Poul Anderson õ 5 ReadOry line comprises only a part of the novel For me that was seriously outweighed #By Clumsy Transitions All #clumsy transitions all the catch and release characters and extended superlative descriptions of the Galactic BrainIf this is your first dive into Poul Anderson I would sooner recommend some of his earlier works such as The High Crusade Guardians of Time Trader to the Stars or Tau Zero Fantastic ideas but a bit clunky in terms of format Anderson explores what the end result of evolution may be and the idea that we could literally be constructing our own Black and White Strangers: Race and American Literary Realism gods touide our destinies The story is told from the perspective of Christian Brannock an avatar of a man whose mind was uploaded into a computer and sent off to explore the stars As time progresses and people choose to upload their minds Some Boggs: A Comedy of Values go to the stars others remain in the central computer being used touide the development of society on Earth After eons a vast net of computer minds develop across the Blood Runs Green: The Murder That Transfixed Gilded Age Chicago galaxy Those mindsrow curious about the fate of humanity on Earth and send an aspect of themselves back to rapport with the central computer which now calls itself Gaia Brannock s aspect is reintegrated from the computer mind and sent to probe the fate of his kin This leads the computer minds and Brannock to uestion Gaia s choices It also calls into uestion whether they are even fit to judge her choices The ideas explored are broad in scope evolution of man and technology the role of Berlioz and the Romantic Century gods and the uestion of what aod truly is the forms and morality of benevolence the vastness of time All weighty subjects Brannock is well defined as a character but Laurinda Ashcroft the avatar sent by Gaia to meet with him is a bit sketchy The book early on does a credible job of making us understand what it could be like to be uploaded into a larger computer mind but then spends far too long reiterating the point The reiterations become scientific and detailed but that only seemed to make it become less and less believable A little less would have Building Ideas: An Architectural Guide to the University of Chicago gone a long way The book also does notive its final conclusion This is okay for me but others may find it a bit of an abrupt ending All in all I recommend the book It will Canadian Art, Volume 1 (A-F): Canadian Art: Volume I (A-F) give you much to think on LOVED this book so many big ideas and a story that takes place on an absolutely massive scale and timeline The plot jumped around between viewpoints and moments in history uite a bit and evenenres saying any would spoil things though I personally liked that I would have no complaints if the book were an extra 100 200 pages long to expand on things though My only real issue was that the ending felt kind of underwhelminganticlimatic though everything else was awesome Disappointed Too many side bar stories info factoids not seemingly relevant to main story line Some interesting ideas but they didn t seem fleshed out enough to fit the story line very well Time to move on to some of Mr Anderson s other works which are of higher acclaim from what I hea. En Als er beauftragt wird den Supercomputer Gaia zu überprüfen der das Schicksal der Erde lenkt stößt er jedoch auf Unvorstellbare. Woman as one of Captain Kirk s Building the Cold War: Hilton International Hotels and Modern Architecture galactic concubines I don t think every book with a female character has to make some sort of feminist statement but damn All in all though Genesis isood enough to support its exploration of ideas even if it sometimes drops the ball There are lots of really big ideas in this book about human nature the future of machine intelligences interspecies morality should sentient beings be husbanded like domesticated animals The ending is a little unsatisfactory but on the whole a very book and very tightly written like science fiction classics of old clocked in at under 90000 words unlike to 600 page behemoths that have become so common Terribly terribly slow and boring Characters and settings were introduced multiple times only to be discarded I was never actually sure when the introduction was supposed to be finished and when the main plot began It probably began around page 140 because I uit around that point out of boredom NotesEnjoyed the idea of the book but it was too short to really explore the main themes More of a teaser of maybes than a fully formed story Science Fiction and Fantasy Grand Master Poul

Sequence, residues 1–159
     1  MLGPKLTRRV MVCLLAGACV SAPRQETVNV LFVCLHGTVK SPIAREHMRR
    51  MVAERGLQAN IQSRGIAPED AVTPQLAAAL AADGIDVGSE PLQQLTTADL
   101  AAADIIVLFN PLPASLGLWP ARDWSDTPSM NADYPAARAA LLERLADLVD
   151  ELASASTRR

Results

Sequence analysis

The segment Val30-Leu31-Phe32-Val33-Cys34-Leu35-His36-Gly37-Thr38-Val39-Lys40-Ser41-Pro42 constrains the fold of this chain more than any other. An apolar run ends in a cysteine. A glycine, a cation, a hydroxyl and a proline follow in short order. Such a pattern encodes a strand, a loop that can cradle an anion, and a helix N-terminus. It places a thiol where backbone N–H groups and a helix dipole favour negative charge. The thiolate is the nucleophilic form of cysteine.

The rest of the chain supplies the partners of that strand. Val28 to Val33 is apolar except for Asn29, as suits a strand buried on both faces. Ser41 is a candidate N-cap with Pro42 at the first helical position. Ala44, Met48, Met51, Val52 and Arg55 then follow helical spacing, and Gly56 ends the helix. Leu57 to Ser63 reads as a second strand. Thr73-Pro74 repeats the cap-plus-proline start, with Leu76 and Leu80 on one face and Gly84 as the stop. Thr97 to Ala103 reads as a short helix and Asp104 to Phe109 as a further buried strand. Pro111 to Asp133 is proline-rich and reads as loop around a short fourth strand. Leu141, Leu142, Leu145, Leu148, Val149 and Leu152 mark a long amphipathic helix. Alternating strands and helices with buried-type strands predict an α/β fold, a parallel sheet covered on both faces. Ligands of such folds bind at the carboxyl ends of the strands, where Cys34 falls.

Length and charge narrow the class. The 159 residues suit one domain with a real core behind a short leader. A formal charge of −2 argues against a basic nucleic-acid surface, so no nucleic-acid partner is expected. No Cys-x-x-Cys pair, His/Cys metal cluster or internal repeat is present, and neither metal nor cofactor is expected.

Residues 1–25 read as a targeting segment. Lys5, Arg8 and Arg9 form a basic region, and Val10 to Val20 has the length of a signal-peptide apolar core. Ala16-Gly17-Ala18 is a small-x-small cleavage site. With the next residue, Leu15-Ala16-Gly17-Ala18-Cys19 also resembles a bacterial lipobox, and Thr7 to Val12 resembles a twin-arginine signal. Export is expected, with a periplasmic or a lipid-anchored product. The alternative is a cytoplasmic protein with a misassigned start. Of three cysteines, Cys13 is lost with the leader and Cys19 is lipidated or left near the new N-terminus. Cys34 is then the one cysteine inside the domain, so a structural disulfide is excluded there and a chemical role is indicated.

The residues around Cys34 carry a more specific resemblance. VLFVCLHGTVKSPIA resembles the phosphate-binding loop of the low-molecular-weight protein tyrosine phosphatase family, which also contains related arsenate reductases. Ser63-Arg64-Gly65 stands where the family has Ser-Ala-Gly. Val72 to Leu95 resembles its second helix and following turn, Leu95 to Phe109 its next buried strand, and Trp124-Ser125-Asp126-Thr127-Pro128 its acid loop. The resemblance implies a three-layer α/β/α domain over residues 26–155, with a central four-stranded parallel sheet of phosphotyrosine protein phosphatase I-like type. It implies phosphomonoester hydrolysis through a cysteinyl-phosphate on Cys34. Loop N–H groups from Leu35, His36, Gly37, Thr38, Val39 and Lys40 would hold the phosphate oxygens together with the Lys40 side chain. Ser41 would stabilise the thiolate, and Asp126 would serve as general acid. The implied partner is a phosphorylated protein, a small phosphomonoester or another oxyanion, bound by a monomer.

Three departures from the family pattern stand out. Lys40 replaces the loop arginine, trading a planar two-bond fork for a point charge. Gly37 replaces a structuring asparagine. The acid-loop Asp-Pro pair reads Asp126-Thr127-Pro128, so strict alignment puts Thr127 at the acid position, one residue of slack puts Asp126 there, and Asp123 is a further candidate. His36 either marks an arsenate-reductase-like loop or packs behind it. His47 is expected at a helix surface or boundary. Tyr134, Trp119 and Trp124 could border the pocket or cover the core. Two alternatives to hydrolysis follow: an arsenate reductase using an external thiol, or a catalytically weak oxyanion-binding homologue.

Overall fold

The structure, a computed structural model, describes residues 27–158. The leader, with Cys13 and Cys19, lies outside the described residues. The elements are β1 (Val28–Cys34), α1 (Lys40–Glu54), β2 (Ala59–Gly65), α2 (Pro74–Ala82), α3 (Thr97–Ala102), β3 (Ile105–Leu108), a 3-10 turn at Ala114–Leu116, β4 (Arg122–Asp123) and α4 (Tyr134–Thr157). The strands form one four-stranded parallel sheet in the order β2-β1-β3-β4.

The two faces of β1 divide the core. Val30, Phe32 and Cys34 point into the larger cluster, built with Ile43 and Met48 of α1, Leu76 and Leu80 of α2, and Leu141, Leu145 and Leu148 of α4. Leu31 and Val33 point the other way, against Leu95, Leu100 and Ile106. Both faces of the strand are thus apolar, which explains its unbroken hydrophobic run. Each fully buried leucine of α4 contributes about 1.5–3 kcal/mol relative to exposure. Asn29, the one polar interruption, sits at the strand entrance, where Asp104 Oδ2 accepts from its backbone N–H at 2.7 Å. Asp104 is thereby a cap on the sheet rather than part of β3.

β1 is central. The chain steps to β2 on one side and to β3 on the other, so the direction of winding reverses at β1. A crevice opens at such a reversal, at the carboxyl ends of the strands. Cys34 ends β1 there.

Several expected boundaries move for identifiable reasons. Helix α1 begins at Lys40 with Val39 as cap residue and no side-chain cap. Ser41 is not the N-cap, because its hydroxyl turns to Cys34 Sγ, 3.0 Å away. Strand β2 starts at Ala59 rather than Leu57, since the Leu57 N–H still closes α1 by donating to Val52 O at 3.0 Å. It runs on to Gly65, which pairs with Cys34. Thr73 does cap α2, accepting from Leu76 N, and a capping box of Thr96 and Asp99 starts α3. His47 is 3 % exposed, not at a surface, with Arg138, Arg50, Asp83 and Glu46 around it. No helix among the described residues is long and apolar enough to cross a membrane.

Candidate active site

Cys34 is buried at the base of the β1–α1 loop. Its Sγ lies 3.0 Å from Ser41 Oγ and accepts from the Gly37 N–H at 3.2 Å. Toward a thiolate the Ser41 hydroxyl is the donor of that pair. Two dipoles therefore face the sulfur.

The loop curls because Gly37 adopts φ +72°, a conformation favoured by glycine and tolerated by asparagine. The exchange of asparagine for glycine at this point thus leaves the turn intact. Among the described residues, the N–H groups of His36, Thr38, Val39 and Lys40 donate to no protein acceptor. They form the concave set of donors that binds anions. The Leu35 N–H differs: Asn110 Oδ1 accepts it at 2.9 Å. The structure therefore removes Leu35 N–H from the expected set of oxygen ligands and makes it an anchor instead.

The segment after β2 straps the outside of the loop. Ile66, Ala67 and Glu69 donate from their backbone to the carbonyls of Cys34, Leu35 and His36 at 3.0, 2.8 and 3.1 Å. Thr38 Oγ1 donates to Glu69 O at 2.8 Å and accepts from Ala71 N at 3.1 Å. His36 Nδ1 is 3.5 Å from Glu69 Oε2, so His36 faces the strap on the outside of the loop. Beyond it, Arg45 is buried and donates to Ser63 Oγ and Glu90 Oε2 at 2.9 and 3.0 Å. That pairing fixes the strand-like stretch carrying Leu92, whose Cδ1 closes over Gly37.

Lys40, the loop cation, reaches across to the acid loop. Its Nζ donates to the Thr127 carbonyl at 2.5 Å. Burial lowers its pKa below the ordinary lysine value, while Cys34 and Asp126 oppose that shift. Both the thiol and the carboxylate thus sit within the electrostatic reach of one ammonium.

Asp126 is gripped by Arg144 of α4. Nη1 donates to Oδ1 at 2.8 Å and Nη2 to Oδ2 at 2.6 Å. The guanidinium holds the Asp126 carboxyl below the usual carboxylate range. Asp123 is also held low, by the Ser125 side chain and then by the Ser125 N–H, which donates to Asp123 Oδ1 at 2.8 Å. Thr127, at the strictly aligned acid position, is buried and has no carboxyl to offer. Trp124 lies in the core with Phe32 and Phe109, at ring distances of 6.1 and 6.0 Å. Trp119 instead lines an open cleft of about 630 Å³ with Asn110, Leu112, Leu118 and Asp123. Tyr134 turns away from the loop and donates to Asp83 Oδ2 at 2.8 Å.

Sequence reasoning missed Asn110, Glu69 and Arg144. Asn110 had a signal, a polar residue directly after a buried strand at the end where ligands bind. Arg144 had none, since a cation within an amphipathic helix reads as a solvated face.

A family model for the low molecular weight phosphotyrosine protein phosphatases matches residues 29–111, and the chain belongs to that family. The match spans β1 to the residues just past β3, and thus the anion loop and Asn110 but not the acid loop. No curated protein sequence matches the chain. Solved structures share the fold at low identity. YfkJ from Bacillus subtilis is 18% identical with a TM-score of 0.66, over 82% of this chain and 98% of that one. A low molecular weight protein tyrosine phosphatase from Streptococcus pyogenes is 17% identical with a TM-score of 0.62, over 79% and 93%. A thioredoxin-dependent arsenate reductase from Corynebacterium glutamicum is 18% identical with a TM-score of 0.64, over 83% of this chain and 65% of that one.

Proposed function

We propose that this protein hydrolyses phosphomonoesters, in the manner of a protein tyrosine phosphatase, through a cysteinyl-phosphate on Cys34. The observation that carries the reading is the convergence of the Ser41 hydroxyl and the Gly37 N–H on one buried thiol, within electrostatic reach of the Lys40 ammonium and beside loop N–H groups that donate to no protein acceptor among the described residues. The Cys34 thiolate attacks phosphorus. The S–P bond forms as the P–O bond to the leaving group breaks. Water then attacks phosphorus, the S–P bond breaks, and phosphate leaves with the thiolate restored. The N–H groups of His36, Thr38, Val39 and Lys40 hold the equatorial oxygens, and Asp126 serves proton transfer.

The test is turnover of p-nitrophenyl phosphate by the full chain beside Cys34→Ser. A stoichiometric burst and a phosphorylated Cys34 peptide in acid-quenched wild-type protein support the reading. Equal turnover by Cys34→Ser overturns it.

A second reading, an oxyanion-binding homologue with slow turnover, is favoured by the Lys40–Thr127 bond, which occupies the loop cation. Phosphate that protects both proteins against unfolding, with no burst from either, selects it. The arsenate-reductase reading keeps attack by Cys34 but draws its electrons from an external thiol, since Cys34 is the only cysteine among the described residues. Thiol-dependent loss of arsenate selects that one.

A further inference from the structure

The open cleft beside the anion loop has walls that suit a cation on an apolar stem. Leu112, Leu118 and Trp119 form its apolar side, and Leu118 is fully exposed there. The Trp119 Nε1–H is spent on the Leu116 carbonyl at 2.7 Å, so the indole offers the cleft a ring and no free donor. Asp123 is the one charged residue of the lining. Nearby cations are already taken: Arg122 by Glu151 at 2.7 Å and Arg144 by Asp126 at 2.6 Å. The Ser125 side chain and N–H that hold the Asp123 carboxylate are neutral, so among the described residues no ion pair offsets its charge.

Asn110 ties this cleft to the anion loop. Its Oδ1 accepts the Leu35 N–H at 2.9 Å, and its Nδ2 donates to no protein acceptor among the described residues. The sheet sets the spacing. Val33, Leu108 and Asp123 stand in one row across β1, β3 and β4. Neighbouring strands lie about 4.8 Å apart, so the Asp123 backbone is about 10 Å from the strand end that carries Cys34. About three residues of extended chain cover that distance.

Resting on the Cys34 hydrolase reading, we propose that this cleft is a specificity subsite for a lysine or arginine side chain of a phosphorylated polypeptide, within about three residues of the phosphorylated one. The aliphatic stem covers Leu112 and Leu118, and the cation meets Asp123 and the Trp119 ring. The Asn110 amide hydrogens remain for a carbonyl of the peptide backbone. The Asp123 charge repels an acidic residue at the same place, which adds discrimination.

Anderson S Writing Careers writing career from the 1940s through his death in 2001 and I started reading him in my teens Always he was known not so much for scientifictechnological complexity or literary prowess as for the telling of engaging adventures Sadly Genesis one of his last novels in my opinion founders in that regard It was awarded the 2001 John Campbell Award perhaps as career recognition than on the merits of itselfThe novel is divided into two parts Part One is a disjointed narrative that skips across millions of years following two particular humans who were translated into cybernetic copies before their death One is 20th century Christian Brannock who yearned to explore the stars and his post human version does so 22nd century Laurinda Ashcroft represents those humans who preferred to stay on Earth culturally adapting to the declining environment As I mentioned this section spans millions of years and each of their personalities are totally subsumed into the Galactic Brain within a few pages of introductionPart Two is set at least 100 million years into the future that is a One Touch of Scandal geologically future Earth One strain of the post humanalactic brain is Wayfarer who chooses to return to Earth following a deeply buried impulse of Christian s There they encounter Gaia the other strain of #Post Human Galactic Brain #human alactic brain seems Gaia could be concealing some sort of project from Wayfarer but they agree to reconstitute a Christian and a Laurinda to investigate within emulated worlds that Gaia has been running At the same time Wayfarer clandestinely reconstitutes an android Brannock onto the real Earth to find out what Gaia is hiding I enjoyed the experimental alternate histories that Christian and Laurinda briefly visit reminiscent of some of Poul Anderson s time travel novels but that st. Möglich war die menschliche Persönlichkeit in einen Computer zu speisen und ihm auf diese Weise eine Art Unsterblichkeit zu verleih.